I give google the credit that they do not do that, but they could [ music ] jigsaw. Is a google owned, think tank and jigsawran an experiment that turned into the redirect method that is still in use. The redirect method works like this. It identifies potential isis recruits because when you search on google, we can learn a lot from your searches, you're very interested in their work. You look for information about isis and then, after you're being identified as a potential recruit, google will start showing you a sponsored content. Playlists from youtube with videos, that's counter isis propaganda. I could never condone the act of those who take the law into their own hands and kill civilians he's wrong simple. It illustrates the power to just redirect to architect people's choices, and, even though i think this is an exampleof a way to personally architect, choice that is done responsibly, it could definitely turn into covert manipulation and the cambridge analytic. Our business model is exactly that when you have a large number of different personality types and you target to those different personality types, information based on what will be mostly effective. This is manipulation. People thought they're, making a choice, but they didn't. I think this is why people were so upset about cambridge analytics.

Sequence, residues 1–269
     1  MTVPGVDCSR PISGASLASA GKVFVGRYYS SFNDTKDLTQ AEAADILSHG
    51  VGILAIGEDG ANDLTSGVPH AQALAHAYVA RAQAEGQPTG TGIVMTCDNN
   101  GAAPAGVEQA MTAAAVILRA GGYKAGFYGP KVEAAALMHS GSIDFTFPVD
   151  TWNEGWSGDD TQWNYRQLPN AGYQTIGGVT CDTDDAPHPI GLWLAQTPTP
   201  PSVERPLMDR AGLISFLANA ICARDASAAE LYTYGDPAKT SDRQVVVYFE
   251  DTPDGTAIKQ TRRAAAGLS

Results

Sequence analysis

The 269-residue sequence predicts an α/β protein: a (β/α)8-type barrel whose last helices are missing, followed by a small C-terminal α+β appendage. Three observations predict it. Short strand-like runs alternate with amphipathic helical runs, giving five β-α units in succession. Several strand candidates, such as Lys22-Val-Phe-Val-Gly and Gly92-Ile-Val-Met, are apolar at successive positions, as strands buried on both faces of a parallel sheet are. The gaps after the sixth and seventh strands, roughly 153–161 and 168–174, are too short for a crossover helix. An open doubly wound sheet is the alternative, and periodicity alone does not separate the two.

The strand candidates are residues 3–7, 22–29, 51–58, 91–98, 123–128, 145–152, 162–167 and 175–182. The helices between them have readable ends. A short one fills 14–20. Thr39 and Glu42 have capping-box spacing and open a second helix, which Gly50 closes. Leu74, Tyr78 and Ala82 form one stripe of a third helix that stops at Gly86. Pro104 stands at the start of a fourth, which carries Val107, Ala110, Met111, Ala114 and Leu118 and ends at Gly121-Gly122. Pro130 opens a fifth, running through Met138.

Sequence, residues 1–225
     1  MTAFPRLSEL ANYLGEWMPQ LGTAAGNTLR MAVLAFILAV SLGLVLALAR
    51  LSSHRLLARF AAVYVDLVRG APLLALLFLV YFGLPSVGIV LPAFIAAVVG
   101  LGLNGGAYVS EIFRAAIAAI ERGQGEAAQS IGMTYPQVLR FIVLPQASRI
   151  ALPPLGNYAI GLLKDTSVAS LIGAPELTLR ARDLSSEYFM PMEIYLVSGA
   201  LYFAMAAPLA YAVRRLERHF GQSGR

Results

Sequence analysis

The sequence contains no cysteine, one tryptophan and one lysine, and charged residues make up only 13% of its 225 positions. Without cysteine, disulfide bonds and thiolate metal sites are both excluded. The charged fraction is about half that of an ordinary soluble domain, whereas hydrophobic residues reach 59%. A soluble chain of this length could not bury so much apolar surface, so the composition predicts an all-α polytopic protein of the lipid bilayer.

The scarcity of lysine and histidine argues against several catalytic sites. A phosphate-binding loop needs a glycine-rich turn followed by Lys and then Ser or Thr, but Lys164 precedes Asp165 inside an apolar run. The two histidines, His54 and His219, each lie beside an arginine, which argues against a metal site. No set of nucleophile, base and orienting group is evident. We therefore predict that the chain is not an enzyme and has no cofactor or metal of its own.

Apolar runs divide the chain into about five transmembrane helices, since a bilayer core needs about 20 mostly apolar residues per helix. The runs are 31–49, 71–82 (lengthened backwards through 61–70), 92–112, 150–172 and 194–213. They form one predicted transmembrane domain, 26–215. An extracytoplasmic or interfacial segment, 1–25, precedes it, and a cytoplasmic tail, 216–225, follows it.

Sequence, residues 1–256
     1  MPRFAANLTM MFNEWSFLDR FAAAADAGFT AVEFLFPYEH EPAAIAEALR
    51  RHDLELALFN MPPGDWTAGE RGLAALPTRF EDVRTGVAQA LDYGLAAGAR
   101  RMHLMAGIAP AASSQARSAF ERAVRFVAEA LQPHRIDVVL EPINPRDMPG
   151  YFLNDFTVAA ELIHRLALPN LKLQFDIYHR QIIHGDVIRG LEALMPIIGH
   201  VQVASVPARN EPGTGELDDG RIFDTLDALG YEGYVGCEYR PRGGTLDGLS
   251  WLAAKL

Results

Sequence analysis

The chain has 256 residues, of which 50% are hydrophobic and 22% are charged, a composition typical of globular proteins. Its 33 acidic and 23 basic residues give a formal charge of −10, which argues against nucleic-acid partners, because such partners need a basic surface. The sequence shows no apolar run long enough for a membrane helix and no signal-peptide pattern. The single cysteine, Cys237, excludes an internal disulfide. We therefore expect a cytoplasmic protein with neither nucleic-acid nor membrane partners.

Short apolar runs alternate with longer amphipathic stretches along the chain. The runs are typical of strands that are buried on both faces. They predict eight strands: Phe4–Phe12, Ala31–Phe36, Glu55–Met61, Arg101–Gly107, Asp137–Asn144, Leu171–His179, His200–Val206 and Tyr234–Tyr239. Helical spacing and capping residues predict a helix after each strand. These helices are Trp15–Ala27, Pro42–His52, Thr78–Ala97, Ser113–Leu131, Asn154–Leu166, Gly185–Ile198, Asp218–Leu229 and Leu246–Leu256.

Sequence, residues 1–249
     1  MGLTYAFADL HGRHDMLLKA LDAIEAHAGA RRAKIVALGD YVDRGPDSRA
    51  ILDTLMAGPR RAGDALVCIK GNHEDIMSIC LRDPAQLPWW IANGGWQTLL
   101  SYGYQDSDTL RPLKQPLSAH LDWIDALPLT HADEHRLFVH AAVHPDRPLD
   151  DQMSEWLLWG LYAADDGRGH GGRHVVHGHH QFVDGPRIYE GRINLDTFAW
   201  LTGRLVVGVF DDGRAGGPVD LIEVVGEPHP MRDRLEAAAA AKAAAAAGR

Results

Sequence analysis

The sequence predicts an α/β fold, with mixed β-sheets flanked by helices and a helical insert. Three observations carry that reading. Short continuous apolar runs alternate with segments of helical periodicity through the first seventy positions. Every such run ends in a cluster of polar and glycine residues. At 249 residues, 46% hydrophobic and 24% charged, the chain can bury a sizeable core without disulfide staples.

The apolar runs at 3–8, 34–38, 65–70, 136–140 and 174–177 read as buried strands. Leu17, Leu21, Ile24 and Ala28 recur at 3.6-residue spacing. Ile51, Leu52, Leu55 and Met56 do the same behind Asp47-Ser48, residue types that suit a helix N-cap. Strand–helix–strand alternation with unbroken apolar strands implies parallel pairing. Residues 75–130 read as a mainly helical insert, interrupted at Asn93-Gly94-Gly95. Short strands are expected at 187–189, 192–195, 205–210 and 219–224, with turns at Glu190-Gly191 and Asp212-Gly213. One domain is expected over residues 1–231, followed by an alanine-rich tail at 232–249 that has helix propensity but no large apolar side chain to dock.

This is to me is the greatest concern, because once choice becomes illusionary, we are no longer autonomous human beings, and at this point we are at a crucial risk to any democratic value. We believe in it's about the power andpower that all these companies and the government and everybody has just by collecting all this information about us and knowing us, is so damn well, [ music, ], hey nbc news fans, thanks for checking out our youtube channel subscribe by Clicking on that button down here and click on any of the videos over here to watch, the latest interviews show highlights and digital exclusives thanks for watching.